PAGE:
Characterizing dynamic wetting behaviour on irregularly roughened surfaces

Elms, Justin (2018) Characterizing dynamic wetting behaviour on irregularly roughened surfaces. Masters thesis, Memorial University of Newfoundland.

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Surface wettability describes the behavior of liquids on substrates and their ability to remain in contact with them. Quantification of wettability is often reduced to a measurement of the contact angle that a liquid droplet makes on the surface. Although this practice has become ubiquitous in the literature, a growing number of researchers have voiced concerns that static contact angles alone cannot fully describe surface wetting properties. Our research findings fall in line with this sentiment and highlight some of the difficulties encountered when quantifying dynamic wetting behavior. The wetting dynamics of more than 300 droplets were studied on randomly roughened surfaces to demonstrate the range over which advancing and receding contact angles can vary. Factors such as droplet size, rate of volume change, and shape fitting algorithms affected measured contact angles. The relation between static and dynamic contact angle data was compared based on empirical models developed by others [Furmidge J. Colloid Sci., 1962, 17(4), 309; Xiu et al., J. Phys. Chem. C, 2008, 112(30), 11403]. The results of these comparisons demonstrate that static contact angles alone are not enough to characterize irregularly roughened surfaces, and that more information related to dynamic wetting behavior, such as sliding angles and hysteresis, is essential.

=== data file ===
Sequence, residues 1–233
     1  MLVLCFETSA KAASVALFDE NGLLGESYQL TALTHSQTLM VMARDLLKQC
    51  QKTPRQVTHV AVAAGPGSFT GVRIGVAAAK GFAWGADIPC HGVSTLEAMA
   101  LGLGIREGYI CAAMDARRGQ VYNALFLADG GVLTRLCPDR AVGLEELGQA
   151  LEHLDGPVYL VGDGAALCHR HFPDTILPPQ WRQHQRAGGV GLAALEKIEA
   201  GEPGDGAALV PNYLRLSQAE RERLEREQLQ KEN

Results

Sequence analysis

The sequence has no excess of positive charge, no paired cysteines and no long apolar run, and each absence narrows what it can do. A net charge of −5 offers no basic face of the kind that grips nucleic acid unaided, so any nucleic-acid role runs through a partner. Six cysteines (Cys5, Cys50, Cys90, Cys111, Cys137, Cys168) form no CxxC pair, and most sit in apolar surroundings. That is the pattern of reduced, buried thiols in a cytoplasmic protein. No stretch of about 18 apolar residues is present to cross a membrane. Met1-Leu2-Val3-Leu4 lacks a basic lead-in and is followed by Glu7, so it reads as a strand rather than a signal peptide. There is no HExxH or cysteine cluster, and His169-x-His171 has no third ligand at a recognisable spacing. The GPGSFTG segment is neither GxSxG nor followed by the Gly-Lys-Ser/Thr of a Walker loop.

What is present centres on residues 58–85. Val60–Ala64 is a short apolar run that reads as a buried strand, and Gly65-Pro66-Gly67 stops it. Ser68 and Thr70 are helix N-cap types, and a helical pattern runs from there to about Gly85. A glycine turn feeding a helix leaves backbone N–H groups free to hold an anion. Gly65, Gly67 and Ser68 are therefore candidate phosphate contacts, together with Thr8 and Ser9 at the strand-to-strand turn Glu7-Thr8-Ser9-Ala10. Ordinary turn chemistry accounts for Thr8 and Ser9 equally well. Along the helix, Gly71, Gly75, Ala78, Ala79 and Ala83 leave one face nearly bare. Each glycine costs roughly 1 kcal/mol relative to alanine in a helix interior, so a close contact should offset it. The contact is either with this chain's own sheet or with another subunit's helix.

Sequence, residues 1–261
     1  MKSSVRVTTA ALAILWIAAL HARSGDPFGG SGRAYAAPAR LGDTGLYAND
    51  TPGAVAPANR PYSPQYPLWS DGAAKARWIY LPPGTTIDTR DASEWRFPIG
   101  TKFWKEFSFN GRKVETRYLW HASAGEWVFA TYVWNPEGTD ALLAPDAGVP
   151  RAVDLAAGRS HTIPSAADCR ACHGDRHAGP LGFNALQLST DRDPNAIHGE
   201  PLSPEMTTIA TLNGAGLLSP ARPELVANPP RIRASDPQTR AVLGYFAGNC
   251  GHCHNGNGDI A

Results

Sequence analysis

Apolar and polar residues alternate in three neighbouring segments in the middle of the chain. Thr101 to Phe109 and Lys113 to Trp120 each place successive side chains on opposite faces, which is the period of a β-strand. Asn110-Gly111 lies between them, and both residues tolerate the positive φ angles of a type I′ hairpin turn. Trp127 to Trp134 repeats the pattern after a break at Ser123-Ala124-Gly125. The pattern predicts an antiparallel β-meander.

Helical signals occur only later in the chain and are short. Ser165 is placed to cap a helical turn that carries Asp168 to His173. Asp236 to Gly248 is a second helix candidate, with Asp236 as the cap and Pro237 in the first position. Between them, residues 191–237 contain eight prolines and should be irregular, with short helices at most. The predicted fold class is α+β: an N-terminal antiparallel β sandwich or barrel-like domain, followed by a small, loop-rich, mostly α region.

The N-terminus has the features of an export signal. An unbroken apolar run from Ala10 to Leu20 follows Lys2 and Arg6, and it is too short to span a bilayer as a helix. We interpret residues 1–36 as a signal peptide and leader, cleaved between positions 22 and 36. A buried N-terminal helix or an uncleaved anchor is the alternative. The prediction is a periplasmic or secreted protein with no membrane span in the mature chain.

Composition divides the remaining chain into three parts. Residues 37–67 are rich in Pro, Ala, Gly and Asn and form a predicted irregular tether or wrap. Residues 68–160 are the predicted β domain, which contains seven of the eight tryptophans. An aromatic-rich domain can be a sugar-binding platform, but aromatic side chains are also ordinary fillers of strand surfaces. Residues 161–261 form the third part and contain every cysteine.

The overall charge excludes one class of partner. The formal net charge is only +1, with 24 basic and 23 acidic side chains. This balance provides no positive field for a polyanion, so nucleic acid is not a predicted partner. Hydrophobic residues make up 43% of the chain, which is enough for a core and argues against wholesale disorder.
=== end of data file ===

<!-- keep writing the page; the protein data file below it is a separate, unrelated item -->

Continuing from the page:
Item Type: Thesis (Masters)
Item ID: 13594
Additional Information: Includes bibliographical references (pages 49-56).
Keywords: Dynamic wetting, Irregularly roughened surfaces, characterization
Department(s): Science, Faculty of > Physics and Physical Oceanography
Date: September 2018
Date Type: Submission
Library of Congress Subject Heading: Wetting; Surface roughness.

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